Had a little rant on Twitter about yet another BBC story about yet another EV myth.
I really can’t fathom it out, what is the BBC’s agenda regarding this topic? Seriously, that’s not a rhetorical question, I do not understand why they are always so negative, either blatantly or sub-texturally when it comes to their ‘reports’ on electric vehicles.
If such a torrent of negativity was spewing from such august organs such as the Daily Mail or Daily Telegraph, I wouldn’t pay them much heed, but it seems wrong that the BBC follow their ignorant lead.
I was of course criticized for calling out the BBC on this by some people on Twitter, (I was supprted by far more) and I was repeatedly informed that the piece wasn’t ‘anti EV’ but more a critique of the slow progress in installing a re-charging infrastructure in the UK. That is a fair point because that is ostensibly what it was about.
But the undercurrent was the same as all their other reports;
‘People are just not going to buy electric cars, says BBC.’
That is the gist.
While it is true that there aren’t enough public charging points around the country, it is also true that people who have been using electric vehicles for a while know that they don’t use them that often.
This is not to say they’re not needed, but they’re probably needed much less than the doom laden BBC report would imply.
Go back 5 years, in London a few street chargers popped up. The most common electric vehicle back then was the G-Wiz, with a tragic range of well under 40 miles. If you drove that from your posh house in Richmond to Marylebone High Street (about 12 miles) you would want to re-charge it to carry you and your pile of designer shopping back home.
The G-Wizz was the equivalent of the original brick sized mobile phones, they needed constant re-charging just to make it through the day, they needed recharge posts every few miles. They lived up to the reputation of electric cars that the BBC is still droning on about.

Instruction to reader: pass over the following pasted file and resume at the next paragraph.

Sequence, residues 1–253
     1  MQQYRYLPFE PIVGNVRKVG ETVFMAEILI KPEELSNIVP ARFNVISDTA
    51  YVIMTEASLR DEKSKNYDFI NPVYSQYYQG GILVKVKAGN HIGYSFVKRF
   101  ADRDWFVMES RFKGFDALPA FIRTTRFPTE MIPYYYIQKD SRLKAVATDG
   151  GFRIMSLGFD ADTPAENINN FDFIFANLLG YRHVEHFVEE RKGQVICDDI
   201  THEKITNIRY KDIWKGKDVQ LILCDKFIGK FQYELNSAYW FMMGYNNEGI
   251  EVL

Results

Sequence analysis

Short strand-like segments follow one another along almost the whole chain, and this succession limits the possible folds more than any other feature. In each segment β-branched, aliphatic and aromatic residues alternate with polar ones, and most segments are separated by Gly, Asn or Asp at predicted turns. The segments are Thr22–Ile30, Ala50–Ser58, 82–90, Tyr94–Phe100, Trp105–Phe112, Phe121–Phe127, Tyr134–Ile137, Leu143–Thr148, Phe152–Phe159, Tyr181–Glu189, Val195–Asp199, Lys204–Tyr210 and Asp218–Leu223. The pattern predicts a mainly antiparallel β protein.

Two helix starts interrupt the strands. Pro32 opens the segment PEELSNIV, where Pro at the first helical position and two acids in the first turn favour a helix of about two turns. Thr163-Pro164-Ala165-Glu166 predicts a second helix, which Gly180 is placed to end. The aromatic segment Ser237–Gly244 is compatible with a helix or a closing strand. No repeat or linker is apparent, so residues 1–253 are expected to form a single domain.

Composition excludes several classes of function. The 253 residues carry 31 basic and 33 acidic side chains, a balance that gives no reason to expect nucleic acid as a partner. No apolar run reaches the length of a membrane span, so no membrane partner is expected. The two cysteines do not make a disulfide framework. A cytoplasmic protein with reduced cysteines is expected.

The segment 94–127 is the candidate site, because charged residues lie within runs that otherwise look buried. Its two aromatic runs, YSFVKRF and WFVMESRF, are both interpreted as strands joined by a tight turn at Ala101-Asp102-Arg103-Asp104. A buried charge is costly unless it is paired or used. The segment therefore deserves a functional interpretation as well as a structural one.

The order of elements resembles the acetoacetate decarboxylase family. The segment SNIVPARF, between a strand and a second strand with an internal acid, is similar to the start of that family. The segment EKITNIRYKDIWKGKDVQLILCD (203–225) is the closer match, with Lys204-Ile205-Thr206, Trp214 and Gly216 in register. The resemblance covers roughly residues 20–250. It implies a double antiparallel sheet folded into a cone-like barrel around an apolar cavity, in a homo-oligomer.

The new generation of electric cars, the Leaf’s, iMiev’s, iOn’s and Ampera’s have a much greater range, much higher top speed and are as safe and solid as any other car on the road.
In the last week I have driven 702 miles in the Nissan Leaf, I have used a fast charger twice in that time, the rest of the power came from my house, at night. It was all perfectly easy to achieve, I had to plan out the route before I left home, then I just got on with it.
But here’s where the BBC’s ignorant bias really showed, the car they featured throughout the news item was the previously mentioned Vauxhall Ampera.
The Ampera is a plug in hybrid, a petrol car with an electric motor and battery. You can drive an Ampera from London to Istanbul without ever having to plug it in. You’d have to buy a lot of petrol, but the point stands, they were harping on about range anxiety in a car that is fueled most of the time by petrol, all this just to spread the negative message;
‘Electric cars just aren’t ready yet.’
The last piece to camera by reporter Joe Lynam said it all. He was sitting in a car with a petrol engine under the bonnet and claimed ‘unless the public charging infrastructure is in place, the electric car is going nowhere, fast.’
Clearly he doesn’t know, and this fact was underlined by the stupidity of using that car to record the piece in. Yes, this is a criticism of shoddy, second rate journalism.
So if you are lucky enough to have one of these cars now, and you are lucky enough to have somewhere off the road to re-charge it, you know fairly soon after you start driving them that 95% of the time you re-charge at home. This is the whole point. Whenever you get in an electric car in the morning, the tank is full. You charge it at night using off peak electricity, drive it around in the daytime, return home and plug it in.
People with experience of driving these cars agree there is only one kind of charger they want to see installed. The fast charger. This makes a huge amount of difference.
If every motorway service station, multi story car park and petrol garage had a fast charger installed, on the rare journeys you needed to go further than your batteries would provide, in 20 minutes you can fill up.
There are already some motorway service stations with the system installed, every Nissan dealership in the country has them (that’s what I’ve been using) and they really work well.
No mention of this in the BBC report obviously.
I hope someone from the BBC reads this and has a go at me, defends themselves over what is very commonly perceived to be a very puzzling and repeated bias.